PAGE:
With the exception
of a few changes to the neck length and angle, the fine art of violin making has remained virtually unchanged for over 500 years. In fact, violins look
the same now as they did in the 1500's. Instrument making
procedures have been mechanized but most fine violins are
almost completely made by hand as they were centuries ago. The following description briefly explains the
basic process of making a violin by hand. Click on
thumbnail picture to download larger picture.
The violin maker will first decide what characteristics
they want in a violin and pick the wood to aid in that
goal. Sometimes a tighter grain will work better for a
particular purpose. Machine made instruments do not experience this type of individual attention.
The top (spruce) and back
(maple), or "plates", are made from two pieces and are
what we call "book matched." The pieces are split or
cut down the middle from one piece, flattened, and then glued
together along the edge from the outer most part of the
tree. This "center seam" must be a perfect fit
and square on its gluing surface. The seam will act as
the center of the instrument and as a reference to all
additional work that follows.
After the glue sets up, the
surface is again flattened and made ready for the shape
of the top or back to be transferred.
Before the top or back can be
cut out, the sides (ribs) must be made. The ribs are built over
an "inside form" of plywood that will be removed
at a later time. The ribs are made from maple strips that
are scraped to a finished thickness of about 1.2 mm thick.
Blocks of spruce or willow are temporarily glued to the
form and trimmed to the proper shape to hold the ribs
firmly in shape. These blocks will remain in a smaller version
when the instrument is completed. The maple strips
are bent wet around a hot "bending iron" until
they maintain the desired shape. The strips are then glued to
the shaped blocks and flattened in the horizontal
Once the ribs are
finished, they are clamped onto the top and back plate and
traced. The plates are then cut out with an added margin for
the overhang. The curve of the plates are then carved
inside and out to finished thicknesses from 2.5 to 5
mm--depending on the maker's preference and specific tonal
Areas are left flat on the
inside for the gluing surfaces and the "f" holes
are cut into the top. The top plate will also receive a
"bass bar" to its inside surface that supports
the top which enhances the bass frequencies and slows the sound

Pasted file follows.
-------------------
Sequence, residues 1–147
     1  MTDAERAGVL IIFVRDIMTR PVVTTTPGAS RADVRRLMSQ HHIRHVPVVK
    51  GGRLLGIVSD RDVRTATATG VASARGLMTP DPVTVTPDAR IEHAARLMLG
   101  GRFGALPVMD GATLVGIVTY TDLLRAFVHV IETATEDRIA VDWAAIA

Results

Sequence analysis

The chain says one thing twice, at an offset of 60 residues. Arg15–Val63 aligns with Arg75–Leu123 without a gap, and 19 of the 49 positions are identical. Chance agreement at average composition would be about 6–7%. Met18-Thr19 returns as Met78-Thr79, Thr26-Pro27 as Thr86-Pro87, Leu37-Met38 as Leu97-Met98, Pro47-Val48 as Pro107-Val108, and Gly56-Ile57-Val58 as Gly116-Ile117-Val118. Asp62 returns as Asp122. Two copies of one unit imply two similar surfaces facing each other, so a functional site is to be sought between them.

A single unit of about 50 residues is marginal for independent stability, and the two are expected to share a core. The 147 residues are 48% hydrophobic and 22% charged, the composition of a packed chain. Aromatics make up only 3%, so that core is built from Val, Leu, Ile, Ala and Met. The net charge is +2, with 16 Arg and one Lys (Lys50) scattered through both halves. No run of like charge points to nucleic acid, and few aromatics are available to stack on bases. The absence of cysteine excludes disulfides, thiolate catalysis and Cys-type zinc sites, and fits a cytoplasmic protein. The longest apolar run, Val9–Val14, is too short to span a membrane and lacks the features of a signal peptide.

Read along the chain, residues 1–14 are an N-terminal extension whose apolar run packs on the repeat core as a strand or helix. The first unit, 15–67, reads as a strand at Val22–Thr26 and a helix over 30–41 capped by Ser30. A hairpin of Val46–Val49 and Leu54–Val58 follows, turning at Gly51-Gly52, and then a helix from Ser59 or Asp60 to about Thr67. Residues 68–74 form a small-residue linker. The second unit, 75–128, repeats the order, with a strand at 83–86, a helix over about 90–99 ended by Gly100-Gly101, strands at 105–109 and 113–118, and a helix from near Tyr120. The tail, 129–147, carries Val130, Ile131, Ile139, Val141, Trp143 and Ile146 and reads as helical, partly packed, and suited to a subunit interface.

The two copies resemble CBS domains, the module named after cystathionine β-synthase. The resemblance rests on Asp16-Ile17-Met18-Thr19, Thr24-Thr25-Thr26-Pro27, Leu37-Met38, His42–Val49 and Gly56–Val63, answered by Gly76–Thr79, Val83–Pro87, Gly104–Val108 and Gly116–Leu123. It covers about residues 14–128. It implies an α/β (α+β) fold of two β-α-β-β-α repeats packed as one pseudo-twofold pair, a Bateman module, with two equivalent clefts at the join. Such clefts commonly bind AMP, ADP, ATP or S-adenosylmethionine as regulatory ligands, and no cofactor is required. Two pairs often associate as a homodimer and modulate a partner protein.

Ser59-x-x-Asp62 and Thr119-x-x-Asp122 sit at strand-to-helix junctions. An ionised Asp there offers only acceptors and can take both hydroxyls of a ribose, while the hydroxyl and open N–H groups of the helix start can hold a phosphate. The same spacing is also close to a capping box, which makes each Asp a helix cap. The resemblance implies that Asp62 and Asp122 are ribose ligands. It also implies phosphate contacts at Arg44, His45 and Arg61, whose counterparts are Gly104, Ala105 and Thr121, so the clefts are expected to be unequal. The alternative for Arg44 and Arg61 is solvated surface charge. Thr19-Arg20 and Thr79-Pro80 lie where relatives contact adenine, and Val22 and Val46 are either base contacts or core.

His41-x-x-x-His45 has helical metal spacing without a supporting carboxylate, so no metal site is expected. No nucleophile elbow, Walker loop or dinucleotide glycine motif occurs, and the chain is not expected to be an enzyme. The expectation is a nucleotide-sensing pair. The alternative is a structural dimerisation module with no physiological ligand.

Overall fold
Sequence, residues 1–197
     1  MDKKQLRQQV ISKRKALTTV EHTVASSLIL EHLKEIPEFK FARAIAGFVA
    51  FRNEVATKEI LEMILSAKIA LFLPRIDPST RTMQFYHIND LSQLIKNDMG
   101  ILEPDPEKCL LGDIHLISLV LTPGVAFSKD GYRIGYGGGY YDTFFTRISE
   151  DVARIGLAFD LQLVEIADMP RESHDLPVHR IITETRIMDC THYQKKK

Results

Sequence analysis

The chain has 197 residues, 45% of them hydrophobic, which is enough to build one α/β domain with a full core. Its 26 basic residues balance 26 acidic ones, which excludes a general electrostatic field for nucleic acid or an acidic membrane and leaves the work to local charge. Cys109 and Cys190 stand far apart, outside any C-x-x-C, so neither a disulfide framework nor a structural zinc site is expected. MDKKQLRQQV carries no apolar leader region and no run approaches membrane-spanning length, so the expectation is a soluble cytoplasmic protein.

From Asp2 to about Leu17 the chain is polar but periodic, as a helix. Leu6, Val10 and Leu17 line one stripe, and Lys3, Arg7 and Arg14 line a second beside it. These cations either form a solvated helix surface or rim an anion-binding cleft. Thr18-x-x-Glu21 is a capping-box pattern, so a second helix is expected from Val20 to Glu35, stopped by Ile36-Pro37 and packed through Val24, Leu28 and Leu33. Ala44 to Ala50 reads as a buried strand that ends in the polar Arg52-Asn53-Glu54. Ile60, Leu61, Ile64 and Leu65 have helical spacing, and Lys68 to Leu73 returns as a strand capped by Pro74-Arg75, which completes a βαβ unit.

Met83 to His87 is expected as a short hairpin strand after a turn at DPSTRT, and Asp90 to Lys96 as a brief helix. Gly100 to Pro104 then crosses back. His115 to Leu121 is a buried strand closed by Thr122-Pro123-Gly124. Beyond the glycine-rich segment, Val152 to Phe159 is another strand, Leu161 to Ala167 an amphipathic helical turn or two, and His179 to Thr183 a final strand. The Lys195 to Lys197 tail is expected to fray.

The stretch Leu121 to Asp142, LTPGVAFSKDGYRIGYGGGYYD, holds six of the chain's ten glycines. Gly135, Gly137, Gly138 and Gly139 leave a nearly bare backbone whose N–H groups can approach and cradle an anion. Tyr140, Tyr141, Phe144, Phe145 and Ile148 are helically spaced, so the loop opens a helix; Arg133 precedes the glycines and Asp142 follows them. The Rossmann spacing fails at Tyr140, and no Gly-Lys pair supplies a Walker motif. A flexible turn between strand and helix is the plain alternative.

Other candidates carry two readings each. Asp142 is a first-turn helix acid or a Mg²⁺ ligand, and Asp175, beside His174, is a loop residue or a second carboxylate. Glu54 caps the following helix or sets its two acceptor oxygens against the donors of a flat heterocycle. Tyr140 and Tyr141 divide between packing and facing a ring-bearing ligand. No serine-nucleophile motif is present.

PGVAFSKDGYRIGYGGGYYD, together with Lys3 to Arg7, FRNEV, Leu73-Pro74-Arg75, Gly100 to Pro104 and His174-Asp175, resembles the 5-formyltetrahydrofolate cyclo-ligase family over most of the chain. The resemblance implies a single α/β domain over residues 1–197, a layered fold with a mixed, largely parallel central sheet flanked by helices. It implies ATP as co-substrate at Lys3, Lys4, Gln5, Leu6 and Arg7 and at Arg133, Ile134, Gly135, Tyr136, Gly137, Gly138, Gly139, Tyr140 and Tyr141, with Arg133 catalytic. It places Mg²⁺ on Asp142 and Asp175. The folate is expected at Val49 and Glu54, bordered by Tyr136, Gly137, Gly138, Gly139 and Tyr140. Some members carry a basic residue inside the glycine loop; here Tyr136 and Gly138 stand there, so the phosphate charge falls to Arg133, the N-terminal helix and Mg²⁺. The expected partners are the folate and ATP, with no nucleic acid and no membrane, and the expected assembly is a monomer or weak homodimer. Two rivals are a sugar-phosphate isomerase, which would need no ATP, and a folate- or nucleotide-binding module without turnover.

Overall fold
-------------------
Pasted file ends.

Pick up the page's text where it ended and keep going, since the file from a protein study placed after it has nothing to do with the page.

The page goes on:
down. The bass bar, "f" holes, and plate thicknesses are done to tonally enhance the
sound and are adjusted to the individual instrument being
made and the wood that was selected. The plates will also
receive "purfling" which is a decorative inlay
just inside of the outer edge. This inlay both strengthens
the instrument and adds a decorative edge which enhances
the instrument's look and sound.
The plywood form is removed
from the ribs and the plates are glued on. The edges are
cleaned up and the "body" of the instrument is
set aside while the neck is carved.
The neck or "scroll"
is also made from maple and is carved from a solid block.
The block of maple is first squared up and then the shape is transferred
from a pattern to both sides to remain symmetrical.
The "scroll" portion is carved by hand with a
series of gouges and chisels of different curves and
widths. The scroll is frequently the most artistic portion
of the instrument and is a "fingerprint" of the
maker and their craftsmanship. Many of the more commercial
quality of instruments import pre-made necks to save time
and to reduce the craft ability that is needed. Once fully
carved, the neck is fitted with the fingerboard and set into the
body. The setting of the neck is a complex process involving
many angles and finished measurements.
At this point, the instrument is completely
gone over from tip to toe, making sure no oils or
dirt remain to spoil the look once varnished. The
varnish is applied. Two type of varnish are used on
quality instruments, oil or spirit. The difference is
speed of drying times and number of coats that can be
applied. Typically, the old Italian makers used oil
varnishes while the German and modern Italian makers use(d)
spirit or alcohol based finishes. Between 5 and 10 coats
are applied while waiting for drying times between each.
After the varnish dries it is rubbed out to the desired
sheen and the instrument is set up with a fingerboard, pegs,
tailpiece, bridge, and strings. The sound post, a small
spruce dowel is fit between the inside of the top and back
on the treble side and adjusted for sound. Most handmade
instruments will spend some time in the maker's shop for
adjustments over a few weeks.